A claim is legally frivolous “‘when it lacks an arguable basis either in law or in fact.'” Denton v. Hernandez, 504 U.S. 25, 31 (1992) (quoting Neitzke v. Williams, 490 U.S. 319, 325 (1989)). The court may, therefore, dismiss a claim as frivolous where it is “based on an indisputably meritless legal theory” or where the factual contentions are clearly “baseless.” Neitzke, 490 U.S. at 327. “Malicious, ” although “sometimes treated as a synonym for ‘frivolous, ' . . . is more usefully construed as intended to harass.” Lindell v. McCallum, 352 F.3d 1107, 1109-10 (7th Cir. 2003) (internal citations omitted).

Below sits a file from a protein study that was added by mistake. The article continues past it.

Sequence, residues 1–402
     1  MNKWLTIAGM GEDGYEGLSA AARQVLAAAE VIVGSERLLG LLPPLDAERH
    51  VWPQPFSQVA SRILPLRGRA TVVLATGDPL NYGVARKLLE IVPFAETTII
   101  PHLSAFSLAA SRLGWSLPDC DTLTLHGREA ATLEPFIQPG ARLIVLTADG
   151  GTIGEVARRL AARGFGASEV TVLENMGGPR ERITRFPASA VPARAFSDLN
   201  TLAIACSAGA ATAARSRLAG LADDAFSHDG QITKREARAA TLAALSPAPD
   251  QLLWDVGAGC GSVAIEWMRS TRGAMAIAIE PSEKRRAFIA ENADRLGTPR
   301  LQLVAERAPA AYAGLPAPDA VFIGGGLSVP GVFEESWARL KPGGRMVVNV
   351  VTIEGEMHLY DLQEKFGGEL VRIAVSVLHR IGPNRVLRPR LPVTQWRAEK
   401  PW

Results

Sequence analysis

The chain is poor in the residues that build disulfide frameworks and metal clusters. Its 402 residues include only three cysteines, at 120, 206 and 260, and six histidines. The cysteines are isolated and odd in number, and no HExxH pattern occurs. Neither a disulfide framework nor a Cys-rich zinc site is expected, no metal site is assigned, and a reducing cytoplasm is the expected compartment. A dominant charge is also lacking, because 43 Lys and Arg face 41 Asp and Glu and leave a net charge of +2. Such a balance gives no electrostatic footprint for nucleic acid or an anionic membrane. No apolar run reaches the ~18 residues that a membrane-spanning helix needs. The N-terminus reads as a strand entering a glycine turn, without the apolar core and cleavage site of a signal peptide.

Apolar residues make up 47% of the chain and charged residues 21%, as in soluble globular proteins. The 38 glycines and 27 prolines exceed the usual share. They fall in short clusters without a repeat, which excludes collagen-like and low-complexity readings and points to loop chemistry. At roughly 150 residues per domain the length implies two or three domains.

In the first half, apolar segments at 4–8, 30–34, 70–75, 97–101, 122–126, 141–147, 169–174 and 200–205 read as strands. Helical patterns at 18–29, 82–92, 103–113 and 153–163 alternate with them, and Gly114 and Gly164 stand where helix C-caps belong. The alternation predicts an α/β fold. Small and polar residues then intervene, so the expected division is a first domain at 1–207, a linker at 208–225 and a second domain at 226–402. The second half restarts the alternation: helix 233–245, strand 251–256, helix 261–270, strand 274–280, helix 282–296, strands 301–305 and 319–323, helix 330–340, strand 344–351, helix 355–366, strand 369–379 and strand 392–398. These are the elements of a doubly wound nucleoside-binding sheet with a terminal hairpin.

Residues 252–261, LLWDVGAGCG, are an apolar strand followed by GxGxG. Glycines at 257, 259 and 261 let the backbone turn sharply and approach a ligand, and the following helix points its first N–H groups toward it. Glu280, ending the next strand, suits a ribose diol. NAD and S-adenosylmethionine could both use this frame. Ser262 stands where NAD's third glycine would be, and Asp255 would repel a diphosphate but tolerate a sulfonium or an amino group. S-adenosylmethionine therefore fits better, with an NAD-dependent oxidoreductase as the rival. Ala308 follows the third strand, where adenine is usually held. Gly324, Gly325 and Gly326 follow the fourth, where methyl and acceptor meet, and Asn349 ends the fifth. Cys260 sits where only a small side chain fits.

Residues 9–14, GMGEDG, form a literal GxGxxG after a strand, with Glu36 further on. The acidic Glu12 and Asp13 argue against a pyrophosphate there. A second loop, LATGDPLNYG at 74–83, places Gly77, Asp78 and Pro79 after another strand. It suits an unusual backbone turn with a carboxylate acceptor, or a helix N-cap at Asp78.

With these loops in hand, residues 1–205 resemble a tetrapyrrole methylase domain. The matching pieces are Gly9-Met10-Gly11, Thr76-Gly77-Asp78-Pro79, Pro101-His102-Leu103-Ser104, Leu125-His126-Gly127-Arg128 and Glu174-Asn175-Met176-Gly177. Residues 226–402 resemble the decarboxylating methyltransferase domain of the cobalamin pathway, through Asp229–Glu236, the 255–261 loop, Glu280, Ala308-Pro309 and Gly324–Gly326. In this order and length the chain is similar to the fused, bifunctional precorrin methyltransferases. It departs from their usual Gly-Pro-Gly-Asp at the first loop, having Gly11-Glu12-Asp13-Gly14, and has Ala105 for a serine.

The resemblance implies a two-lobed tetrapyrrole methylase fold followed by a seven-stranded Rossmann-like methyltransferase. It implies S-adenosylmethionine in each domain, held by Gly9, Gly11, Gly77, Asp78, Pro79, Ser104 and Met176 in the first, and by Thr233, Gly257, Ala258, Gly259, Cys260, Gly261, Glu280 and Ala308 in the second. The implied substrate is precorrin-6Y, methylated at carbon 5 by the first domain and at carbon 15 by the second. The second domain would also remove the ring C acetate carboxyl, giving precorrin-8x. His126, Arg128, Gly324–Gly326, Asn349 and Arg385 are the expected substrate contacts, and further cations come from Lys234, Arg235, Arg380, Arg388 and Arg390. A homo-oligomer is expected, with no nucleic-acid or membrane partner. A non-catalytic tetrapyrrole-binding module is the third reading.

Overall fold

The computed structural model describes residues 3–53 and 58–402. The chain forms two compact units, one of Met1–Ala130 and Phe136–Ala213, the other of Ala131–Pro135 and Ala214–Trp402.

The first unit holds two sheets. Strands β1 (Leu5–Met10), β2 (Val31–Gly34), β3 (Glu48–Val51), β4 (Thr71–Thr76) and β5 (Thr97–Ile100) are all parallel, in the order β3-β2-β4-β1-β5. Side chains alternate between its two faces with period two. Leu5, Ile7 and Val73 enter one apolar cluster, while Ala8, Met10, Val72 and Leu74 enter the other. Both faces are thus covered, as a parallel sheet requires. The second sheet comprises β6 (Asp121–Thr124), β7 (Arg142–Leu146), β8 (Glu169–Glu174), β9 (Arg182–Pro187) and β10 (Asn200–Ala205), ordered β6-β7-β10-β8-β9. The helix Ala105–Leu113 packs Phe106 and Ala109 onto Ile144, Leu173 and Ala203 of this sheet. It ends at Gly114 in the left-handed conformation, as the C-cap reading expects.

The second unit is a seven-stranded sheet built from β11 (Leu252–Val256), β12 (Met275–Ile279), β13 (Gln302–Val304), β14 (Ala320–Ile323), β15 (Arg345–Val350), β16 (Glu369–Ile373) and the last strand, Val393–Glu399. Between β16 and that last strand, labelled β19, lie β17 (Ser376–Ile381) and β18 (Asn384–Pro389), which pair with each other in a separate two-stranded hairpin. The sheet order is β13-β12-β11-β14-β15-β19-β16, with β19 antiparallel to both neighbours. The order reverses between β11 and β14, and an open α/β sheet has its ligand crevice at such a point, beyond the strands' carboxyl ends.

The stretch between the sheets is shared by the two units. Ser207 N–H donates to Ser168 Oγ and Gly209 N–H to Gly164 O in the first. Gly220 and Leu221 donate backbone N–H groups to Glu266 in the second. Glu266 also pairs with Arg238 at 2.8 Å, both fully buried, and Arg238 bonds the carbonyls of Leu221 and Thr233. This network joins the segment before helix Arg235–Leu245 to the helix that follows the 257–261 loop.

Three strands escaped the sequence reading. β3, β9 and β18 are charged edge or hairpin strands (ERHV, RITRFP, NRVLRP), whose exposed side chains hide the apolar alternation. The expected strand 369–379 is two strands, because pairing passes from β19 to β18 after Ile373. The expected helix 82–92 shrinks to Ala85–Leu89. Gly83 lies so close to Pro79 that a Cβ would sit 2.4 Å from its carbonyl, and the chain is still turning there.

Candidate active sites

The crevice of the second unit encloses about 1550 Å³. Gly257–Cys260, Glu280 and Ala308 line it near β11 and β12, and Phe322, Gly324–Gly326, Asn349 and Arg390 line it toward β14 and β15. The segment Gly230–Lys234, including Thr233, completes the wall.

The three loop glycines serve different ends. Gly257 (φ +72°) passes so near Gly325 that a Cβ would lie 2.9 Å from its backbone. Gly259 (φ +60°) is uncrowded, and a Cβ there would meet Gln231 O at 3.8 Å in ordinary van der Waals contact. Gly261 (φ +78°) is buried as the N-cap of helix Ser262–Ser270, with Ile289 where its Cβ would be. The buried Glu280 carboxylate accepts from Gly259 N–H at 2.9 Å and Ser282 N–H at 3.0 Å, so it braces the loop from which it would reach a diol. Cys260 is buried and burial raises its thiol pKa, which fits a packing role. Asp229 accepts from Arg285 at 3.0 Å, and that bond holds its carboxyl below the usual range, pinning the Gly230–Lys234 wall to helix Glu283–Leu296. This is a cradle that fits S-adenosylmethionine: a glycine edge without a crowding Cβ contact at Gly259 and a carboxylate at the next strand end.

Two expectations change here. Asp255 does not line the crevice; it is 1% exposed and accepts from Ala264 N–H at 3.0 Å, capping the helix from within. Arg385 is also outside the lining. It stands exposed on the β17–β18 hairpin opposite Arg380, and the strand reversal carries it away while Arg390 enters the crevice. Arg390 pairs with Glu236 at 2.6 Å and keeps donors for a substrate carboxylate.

To state a cognizable claim under the federal notice pleading system, the plaintiff must provide a “short and plain statement of the claim showing that [he] is entitled to relief[.]” Fed.R.Civ.P. 8(a)(2). A plaintiff does not need to plead specific facts, and his statement need only “give the defendant fair notice of what the . . . claim is and the grounds upon which it rests.” Bell Atl. Corp. v. Twombly, 550 U.S. 544, 555 (2007) (quoting Conley v. Gibson, 355 U.S. 41, 47 (1957)). However, a complaint that offers “labels and conclusions” or “formulaic recitation of the elements of a cause of action will not do.” Ashcroft v. Iqbal, 556 U.S. 662, 678 (2009) (quoting Twombly, 550 U.S. at 555). To state a claim, a complaint must contain sufficient factual matter, accepted as true, “that is plausible on its face.” Id. (quoting Twombly, 550 U.S. at 570). “A claim has facial plausibility when the plaintiff pleads factual content that allows the court to draw the reasonable inference that the defendant is liable for the misconduct alleged.” Id. (citing Twombly, 550 U.S. at 556). The complaint allegations “must be enough to raise a right to relief above the speculative level.” Twombly, 550 U.S. at 555 (citation omitted).